How Losing My Job Made Me Reevaluate The Kind Of Life I Want

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By Skylar Jones

Two weeks ago, my boss asked if I had time to chat with her. She didn’t tell me beforehand, so I knew this wouldn’t be good.

We had talked previously about my performance at work. I had been a receptionist for three years, constantly asking to be promoted with no such luck. How can you expect me to be excited for three years at the front?

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The HR lady told me she was sorry to be the bearer of bad news, but they were going to let me go. At first, I was in shock. I couldn’t believe it. I was thinking of how I was going to pay my bills, where I was going to work, and if I could get out of this.

I had been wanting to leave for a long time now and had been actively searching, even going on interviews, but obviously, nothing stuck.

Even though I didn’t like working there, I still felt defeated and like a failure. But throughout all of this, I have learned what I want out of life, and I have actively seen my life change for the better every day.

I realized what kind of job I truly wanted.

If I got fired for a job I hated, I certainly didn’t want to be in that position again. I realized I’m not just going to find another job because I need one. I want to really like it. I want a job that pays well, has flexibility, and I want to really like the company.

I want to be passionate about the job I am doing.

I had to rethink my life choices. With my bank account dwindling, I had to cancel my gym membership to the cute, little, studio gym I was in love with. I had to stop buying face products for the Korean 10-step program. This forced me to only use my money to pay my bills.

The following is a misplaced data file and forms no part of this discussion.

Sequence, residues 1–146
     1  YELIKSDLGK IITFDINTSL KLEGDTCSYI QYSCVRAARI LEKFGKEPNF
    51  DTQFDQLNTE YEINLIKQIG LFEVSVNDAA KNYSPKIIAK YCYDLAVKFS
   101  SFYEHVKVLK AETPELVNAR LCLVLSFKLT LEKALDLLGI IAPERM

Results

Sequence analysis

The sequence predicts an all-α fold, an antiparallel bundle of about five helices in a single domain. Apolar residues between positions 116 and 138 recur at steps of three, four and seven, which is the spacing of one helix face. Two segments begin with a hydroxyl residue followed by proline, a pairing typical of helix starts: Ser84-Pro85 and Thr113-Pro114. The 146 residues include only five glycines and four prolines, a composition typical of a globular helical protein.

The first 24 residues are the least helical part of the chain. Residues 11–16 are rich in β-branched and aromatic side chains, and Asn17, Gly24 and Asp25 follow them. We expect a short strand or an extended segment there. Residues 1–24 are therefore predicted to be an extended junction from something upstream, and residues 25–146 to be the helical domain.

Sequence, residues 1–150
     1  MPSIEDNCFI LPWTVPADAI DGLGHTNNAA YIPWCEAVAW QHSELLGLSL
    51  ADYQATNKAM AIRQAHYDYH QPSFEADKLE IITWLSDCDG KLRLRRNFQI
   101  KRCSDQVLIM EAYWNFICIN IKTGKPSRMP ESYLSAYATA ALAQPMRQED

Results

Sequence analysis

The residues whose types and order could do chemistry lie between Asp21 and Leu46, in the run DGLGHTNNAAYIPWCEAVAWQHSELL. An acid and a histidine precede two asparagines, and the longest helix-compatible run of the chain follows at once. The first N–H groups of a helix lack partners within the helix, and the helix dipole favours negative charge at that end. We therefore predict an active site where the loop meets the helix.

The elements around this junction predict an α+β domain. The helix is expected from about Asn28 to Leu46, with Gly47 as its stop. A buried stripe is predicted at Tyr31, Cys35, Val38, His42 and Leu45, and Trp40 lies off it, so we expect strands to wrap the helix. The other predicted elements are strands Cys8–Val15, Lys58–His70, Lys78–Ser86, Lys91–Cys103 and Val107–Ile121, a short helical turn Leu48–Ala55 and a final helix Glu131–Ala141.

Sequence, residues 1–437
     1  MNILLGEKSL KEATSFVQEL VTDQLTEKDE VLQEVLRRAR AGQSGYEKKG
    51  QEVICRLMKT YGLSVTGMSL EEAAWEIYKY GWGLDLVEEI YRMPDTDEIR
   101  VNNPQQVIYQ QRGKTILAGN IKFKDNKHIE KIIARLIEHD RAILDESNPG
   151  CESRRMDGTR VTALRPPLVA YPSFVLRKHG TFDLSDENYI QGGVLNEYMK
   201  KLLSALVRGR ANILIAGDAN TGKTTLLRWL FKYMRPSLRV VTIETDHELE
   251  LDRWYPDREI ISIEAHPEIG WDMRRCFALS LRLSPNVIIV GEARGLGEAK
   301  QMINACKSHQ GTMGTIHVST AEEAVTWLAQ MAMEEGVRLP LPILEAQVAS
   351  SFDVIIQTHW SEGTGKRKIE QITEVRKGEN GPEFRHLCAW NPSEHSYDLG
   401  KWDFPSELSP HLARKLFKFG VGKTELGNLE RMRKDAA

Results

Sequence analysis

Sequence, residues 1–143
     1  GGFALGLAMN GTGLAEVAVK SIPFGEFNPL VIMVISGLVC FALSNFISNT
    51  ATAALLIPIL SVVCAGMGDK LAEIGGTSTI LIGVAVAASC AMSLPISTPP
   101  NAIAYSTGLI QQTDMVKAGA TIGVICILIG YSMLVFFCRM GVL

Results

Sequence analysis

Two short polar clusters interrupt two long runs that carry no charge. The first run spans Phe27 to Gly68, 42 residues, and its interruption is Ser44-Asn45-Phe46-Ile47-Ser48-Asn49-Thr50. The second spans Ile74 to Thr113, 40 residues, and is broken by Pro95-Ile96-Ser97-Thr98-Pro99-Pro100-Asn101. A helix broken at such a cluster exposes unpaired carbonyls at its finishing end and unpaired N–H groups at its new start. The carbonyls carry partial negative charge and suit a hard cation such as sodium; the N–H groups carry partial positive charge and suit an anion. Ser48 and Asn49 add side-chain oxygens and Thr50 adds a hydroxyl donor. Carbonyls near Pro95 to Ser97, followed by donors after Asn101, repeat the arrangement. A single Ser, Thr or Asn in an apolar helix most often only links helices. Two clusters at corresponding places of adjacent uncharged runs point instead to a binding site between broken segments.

It is really humbling coming from a salary that you can splurge, to having to start eating oatmeal every day. I have a new appreciation for beauty spending money.

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Where was I going to live? My cost of living is pretty high, and my savings couldn’t fund me forever. Without budging on taking a job I hate, I had to figure out what I was going to do if I don’t find a job in time.

I’m not the kind of person who asks their parents for money, I’m not going to couch-surf, and so, I thought I’ll have to move in with my family.

This meant moving back to my home state. The thought of this was very humbling, and I started to cry, I love my city. I love how much there is to do, I love the weather, and I love riding horses.

But what is better, getting a job I hate where I’m at most of the day, or restarting in a different city? I’m going to choose the latter. Because I care more about my mental state now.

My overall health is amazing. After a few weeks of being unemployed, I noticed how much more relaxed I am. I didn’t realize my job was killing me.

I was working at a fast-paced firm, and the people I worked with were the most high-maintenance people I have ever met. They needed it done right now, and their way and they needed their hand held the whole time.

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These people come from some of the most prestigious schools and they still don’t know how to get on a conference call. The joke I told everyone is I don’t have kids, because I have 100 at the office. I didn’t need to wipe someone else’s a**.

I’m not hating my life and I’m not stressed out anymore. My physical health is better after losing my job. My boyfriend has been commenting on how good my body looks. Before, I was too thin, but now my body is at a better, healthier weight.

I have been working for about 10 years now, and I never thought I would get fired. But, that’s life and s*** happens. It’s still hard to think about, but what has evolved has been amazing.

I’m realizing the kind of life I want to live, having higher standards for myself, and better physical and mental health.

I wish I could say I found this amazing job and everything is amazing. Sadly, I’ve been denied more than the phone interviews I have received.

Sometimes it’s challenging being home and not knowing what’s going to happen next. However, I accept the responsibility that started this mess, and I’m choosing my way to get out of it.

Personally, I think it’s better to love the life you live than to just be skating by on fumes.

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Skylar Jones is a writer who provides a voice for women on topics of heartbreak and relationships. Visit her author profile on Unwritten for more.

This article was originally published at Unwritten. Reprinted with permission from the author.